There are several quite striking features to Ken McLeod’s residence that mark it out as an architect’s personal home. Built in 1954 and situated in Claremont, California, the property is currently being considered as a cultural and historical landmark by the County of Los Angeles.
The thing that immediately stands out is the home’s supporting beams. These extend from indoors far into the exterior of the house and stand out in no small part because of the contrast between their dark finish and that of the ceiling panels, stained in a pale varnish. It is a move that recalls Frank Lloyd Wright’s style, and the work of his apprentice Robert Green, which was covered here recently, and it really lends a feeling of strength to the structure.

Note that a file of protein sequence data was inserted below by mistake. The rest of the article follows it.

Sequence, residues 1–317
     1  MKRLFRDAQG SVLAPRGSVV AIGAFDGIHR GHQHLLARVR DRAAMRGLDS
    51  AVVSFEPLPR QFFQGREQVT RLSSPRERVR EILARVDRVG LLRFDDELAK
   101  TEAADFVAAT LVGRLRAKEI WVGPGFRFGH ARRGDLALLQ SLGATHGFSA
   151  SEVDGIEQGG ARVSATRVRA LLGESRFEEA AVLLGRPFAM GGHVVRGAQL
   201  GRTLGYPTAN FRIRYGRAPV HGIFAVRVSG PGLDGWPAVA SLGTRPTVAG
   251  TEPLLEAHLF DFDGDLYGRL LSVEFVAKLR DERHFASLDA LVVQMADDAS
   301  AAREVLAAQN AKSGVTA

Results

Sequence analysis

Besides the beams, the overall shape of the property is distinctly unconventional. A collaboration between architects Criley and McDowell and McLeod culminated in a t-shaped design. This layout aims at both functionality and comfort but leads to the structural elements producing a somewhat chaotic pattern when viewed from outside.
This could be quite jarring by amid the surroundings, where nature has been largely left to its own devices, its quite fitting. Do you live in a mid-century or modernist-inspired contemporary house and want to be featured on MidCenturyHome? Contact us: [email protected]
Photos via Architectureforsale